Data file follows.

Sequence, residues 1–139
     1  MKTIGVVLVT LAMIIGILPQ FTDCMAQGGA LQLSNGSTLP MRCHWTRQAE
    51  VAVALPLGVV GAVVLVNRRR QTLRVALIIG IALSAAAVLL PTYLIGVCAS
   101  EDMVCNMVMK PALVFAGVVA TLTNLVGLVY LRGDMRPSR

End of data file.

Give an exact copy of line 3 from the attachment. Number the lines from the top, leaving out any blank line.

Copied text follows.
    51  VAVALPLGVV GAVVLVNRRR QTLRVALIIG IALSAAAVLL PTYLIGVCAS